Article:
This is probably the best of the services on offer, although some users may be put off by the need to register to use the website. Nevertheless, signing up is free and will ensure you receive free email updates on prices in your area on a schedule of your choosing. The site additionally plots stations on an interactive map, as well as providing in-depth analysis of where you are in relation to each station, the price of fuel there and the date that data was last updated.
Update frequency is impressive: the site claims 8,000 daily updates. A comprehensive ‘PetrolPrices Pro’ app is available for iOS and Android, currently priced at £3.
Offering up all its information without the need to register, Whatgas.com is an attractive alternative. Again, petrol station locations are positioned on an interactive map. Clicking on each flag will show the price of Unleaded 95, Diesel and LPG Autogas in pence per litre, alongside the date each price was updated. Users can provide this information themselves for other users of the service.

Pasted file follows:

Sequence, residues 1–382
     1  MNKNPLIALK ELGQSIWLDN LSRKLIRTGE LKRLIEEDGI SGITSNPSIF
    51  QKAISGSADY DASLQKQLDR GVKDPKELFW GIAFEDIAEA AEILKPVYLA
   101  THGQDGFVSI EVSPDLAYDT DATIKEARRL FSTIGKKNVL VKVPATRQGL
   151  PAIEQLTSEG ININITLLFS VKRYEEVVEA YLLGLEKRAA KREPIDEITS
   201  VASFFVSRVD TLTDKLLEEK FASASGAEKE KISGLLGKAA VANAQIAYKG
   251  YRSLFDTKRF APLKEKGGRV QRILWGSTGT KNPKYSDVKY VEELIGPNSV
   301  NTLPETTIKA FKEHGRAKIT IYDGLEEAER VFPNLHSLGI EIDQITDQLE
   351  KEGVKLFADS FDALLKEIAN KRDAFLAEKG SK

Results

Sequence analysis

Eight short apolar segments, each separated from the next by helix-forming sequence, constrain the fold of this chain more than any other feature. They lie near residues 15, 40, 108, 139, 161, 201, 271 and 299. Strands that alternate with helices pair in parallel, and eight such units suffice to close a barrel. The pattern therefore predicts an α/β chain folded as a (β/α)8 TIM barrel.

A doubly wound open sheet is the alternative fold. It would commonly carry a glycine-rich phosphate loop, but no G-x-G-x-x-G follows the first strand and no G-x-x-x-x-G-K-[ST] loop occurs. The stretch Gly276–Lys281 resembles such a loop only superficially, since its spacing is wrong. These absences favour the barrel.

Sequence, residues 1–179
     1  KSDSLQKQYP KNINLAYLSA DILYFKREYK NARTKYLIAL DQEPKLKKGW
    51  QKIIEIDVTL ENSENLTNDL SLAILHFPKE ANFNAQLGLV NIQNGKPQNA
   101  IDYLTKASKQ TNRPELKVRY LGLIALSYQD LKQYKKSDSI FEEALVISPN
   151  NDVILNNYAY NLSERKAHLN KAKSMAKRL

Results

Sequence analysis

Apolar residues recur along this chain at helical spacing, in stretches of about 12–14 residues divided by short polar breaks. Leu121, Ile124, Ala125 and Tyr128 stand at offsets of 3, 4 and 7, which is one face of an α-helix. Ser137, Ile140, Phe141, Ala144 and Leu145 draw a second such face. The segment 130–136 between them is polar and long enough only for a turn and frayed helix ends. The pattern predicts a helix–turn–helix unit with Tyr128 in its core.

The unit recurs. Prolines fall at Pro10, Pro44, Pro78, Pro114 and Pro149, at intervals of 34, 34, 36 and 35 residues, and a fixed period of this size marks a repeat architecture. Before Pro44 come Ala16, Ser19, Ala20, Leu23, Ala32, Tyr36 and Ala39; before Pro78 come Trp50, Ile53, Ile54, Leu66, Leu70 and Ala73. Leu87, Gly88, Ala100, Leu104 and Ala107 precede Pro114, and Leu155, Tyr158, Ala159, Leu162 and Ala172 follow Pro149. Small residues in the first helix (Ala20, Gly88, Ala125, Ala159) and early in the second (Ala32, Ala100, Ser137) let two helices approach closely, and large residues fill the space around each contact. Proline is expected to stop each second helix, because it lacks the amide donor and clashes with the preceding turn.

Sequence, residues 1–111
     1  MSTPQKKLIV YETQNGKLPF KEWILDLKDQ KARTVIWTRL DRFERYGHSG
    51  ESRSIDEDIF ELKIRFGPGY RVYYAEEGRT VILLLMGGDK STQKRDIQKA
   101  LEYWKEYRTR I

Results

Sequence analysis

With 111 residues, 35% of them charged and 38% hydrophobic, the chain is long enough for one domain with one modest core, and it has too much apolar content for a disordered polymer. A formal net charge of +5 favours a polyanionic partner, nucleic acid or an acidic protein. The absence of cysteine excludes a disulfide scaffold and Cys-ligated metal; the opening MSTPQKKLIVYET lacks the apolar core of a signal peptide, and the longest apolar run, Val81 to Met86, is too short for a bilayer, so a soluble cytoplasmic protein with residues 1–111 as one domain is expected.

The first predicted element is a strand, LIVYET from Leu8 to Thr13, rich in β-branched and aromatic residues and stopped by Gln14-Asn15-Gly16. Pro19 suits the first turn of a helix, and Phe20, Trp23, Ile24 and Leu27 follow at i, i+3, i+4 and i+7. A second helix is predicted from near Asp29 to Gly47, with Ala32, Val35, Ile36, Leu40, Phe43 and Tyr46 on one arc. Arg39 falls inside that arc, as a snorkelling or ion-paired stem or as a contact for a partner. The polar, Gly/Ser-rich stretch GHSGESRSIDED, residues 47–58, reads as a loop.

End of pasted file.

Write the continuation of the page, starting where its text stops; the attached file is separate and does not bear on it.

Prices are generally updated every week, but a few more remote stations may remain out of date for some time. While full of useful information, Whatgas.com does lack deeper functionality – it won’t tell you where the best prices are for fuel in your area, you’ll have to manually look for them yourself.
The app version adds in a lot of this functionality and is available on iOS, Android, Blackberry and Windows phone for less than a pound.
Further petrol pricing tips
- Avoid going too far out of your way for small savings
- It’s pointless to think about where it’s cheapest to fill up if you’ve only got 10 miles worth of fuel left to get there – leave about 25 miles at least, 50 for long journeys
- Supermarkets often provide cheap petrol, and offer the convenience of getting petrol with your shopping, as well as coupon and reward incentives
- Sign up for loyalty schemes, but remember to shop around: reward points rarely cover the differences in cost